Florida Zika update: Miami Beach transmission zone expands, Wynwood makes progress in mosquito control

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On Sept. 16, the Florida Department of Health expanded the area of active local Zika transmission in Miami Beach after the detection of five cases of Zika in an area outside of the previous transmission zone borders. On Monday, the CDC updated its travel guidance for the Miami neighborhood of Wynwood — where local transmission of the virus was first detected — in the wake of successful mosquito control efforts.

The new travel advisory for the Wynwood neighborhood states that pregnant women and their sexual partners coming to the neighborhood should take precautions against mosquitoes and continue to adhere to the agency's recommendation regarding sexual transmission. The previous travel advisory suggested women who were pregnant or thinking about becoming pregnant should avoid traveling to the neighborhood entirely.

"We understand that this has been a difficult time for Wynwood residents and visitors," said CDC Director Tom Frieden, MD. "We've reached this point because of the tremendous progress with mosquito control in the affected area, including the combination of aerial application of the larvicide Bti and the adulticide Naled, and rigorous investigation of possible Zika infections by Florida health officials."

The use of aerial spraying of the insecticide Naled has encountered pushback from Miami Beach residents due to the toxicity of the substance.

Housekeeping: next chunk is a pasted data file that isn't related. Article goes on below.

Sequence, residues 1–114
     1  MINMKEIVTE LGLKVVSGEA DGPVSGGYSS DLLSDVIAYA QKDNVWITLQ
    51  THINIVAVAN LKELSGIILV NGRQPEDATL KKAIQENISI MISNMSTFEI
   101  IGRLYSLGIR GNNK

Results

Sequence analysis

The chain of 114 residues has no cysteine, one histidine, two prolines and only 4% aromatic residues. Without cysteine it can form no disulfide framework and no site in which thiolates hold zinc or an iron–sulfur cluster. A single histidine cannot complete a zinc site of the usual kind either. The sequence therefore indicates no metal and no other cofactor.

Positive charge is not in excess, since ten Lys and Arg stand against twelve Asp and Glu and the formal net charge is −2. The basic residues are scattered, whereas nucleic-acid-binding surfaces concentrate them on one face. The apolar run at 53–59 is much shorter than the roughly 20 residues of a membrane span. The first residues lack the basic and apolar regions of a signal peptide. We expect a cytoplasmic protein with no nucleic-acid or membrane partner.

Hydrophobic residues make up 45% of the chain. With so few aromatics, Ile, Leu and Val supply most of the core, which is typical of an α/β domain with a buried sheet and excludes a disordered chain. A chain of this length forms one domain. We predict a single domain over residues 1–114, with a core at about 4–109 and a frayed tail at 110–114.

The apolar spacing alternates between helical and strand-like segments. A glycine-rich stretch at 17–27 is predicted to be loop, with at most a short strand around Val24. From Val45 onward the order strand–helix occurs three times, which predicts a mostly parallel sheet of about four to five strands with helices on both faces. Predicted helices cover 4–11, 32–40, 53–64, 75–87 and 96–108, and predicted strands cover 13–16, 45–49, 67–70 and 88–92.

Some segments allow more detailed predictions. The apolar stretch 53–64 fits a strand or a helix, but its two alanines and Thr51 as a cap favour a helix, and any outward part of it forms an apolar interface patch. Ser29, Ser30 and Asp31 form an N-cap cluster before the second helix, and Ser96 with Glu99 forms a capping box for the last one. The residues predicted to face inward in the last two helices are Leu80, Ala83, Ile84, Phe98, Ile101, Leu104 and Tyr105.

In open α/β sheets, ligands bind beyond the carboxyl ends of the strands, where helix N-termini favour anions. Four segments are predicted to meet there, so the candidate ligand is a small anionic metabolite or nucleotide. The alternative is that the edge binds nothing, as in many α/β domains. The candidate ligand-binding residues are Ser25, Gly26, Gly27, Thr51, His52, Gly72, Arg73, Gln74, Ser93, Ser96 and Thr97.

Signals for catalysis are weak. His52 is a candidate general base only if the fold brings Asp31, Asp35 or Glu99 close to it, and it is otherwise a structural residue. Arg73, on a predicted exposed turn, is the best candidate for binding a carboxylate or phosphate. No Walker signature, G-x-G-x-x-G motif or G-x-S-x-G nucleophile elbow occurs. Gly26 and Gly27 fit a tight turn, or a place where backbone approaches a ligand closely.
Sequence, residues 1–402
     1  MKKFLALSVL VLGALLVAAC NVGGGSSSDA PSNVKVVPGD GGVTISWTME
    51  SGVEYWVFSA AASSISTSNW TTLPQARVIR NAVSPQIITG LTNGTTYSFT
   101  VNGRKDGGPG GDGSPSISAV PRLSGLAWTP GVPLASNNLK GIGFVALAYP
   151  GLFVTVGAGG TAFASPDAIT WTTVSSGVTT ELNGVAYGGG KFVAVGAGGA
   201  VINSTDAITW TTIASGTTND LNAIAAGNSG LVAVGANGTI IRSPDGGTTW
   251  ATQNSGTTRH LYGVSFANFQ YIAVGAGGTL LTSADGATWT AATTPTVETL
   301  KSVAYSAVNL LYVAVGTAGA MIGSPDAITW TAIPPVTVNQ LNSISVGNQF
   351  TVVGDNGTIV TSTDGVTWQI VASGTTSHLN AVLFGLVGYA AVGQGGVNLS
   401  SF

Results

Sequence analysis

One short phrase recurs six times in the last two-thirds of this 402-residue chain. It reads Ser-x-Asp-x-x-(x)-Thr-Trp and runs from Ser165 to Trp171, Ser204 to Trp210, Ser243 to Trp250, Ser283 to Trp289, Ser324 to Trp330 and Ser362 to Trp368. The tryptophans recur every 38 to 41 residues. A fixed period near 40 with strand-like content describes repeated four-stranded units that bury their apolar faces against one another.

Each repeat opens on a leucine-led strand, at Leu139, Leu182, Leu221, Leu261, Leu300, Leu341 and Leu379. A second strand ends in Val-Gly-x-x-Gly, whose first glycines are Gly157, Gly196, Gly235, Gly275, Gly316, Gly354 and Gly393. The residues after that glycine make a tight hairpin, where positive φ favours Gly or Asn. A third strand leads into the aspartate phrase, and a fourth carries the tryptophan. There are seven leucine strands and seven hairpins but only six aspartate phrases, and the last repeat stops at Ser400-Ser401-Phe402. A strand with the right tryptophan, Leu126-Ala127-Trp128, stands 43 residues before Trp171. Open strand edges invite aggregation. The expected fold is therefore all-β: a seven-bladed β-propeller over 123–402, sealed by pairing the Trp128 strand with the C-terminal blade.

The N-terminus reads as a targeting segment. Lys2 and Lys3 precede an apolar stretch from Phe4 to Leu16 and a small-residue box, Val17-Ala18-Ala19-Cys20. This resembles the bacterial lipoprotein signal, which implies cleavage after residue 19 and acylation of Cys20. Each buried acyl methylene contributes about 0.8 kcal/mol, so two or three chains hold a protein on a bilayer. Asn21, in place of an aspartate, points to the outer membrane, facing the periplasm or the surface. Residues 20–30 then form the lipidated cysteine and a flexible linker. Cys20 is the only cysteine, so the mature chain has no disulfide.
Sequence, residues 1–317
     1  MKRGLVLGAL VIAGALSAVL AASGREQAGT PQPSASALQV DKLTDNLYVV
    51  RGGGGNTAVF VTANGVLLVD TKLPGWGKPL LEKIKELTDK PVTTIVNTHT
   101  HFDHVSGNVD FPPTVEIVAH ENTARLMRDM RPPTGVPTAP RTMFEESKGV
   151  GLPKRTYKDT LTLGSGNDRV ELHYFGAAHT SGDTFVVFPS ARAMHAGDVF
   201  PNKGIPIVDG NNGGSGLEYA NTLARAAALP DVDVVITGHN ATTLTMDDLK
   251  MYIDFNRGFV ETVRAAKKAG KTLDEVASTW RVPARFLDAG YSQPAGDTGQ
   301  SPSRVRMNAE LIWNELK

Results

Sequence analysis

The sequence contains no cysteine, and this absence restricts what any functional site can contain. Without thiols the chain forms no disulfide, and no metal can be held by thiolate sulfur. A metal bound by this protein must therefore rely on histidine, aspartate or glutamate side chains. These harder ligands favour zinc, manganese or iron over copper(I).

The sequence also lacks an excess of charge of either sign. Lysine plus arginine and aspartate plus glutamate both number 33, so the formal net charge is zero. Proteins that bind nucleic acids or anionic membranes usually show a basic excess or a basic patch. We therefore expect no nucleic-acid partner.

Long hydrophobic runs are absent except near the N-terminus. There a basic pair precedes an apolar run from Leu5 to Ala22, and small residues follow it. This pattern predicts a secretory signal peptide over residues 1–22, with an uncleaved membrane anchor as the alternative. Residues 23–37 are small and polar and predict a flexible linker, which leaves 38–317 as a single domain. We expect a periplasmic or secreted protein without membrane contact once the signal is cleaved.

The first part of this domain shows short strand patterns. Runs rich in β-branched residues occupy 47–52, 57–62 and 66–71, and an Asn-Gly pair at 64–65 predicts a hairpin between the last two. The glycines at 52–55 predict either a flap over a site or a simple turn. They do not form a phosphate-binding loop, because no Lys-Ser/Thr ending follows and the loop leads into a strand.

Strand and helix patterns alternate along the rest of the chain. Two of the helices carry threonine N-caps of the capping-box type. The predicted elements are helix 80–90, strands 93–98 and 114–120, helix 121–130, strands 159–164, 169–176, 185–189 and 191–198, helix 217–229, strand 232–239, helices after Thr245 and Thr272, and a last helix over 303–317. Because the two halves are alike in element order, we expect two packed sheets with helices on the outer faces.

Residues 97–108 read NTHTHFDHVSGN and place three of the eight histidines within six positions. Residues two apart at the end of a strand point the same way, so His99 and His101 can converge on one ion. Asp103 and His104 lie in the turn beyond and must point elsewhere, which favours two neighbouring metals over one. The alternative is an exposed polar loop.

"Naled ... can essentially kill anything," Tanjim Hossain, a doctoral research fellow in Environmental Science and Policy at the University of Miami, told CBS News. "When a droplet of the insecticide touches a mosquito, it kills the mosquito pretty much instantaneously."

As of Sept. 16, there have been 79 locally transmitted Zika infections in Florida recorded by the state health department. When factoring in travel-associated cases, there have been 86 pregnant women infected with Zika.

On Sept. 16, Florida Gov. Rick Scott (R) praised the aggressive mosquito control campaign in Wynwood and again rebuked congress for their failure to pass emergency funding to combat Zika.

More articles on the Zika virus: 
New science proves Zika causes microcephaly 
7 CDC techs head to Florida to assist with backlog of Zika tests 
Obama hopeful Zika funds will be passed before month's end


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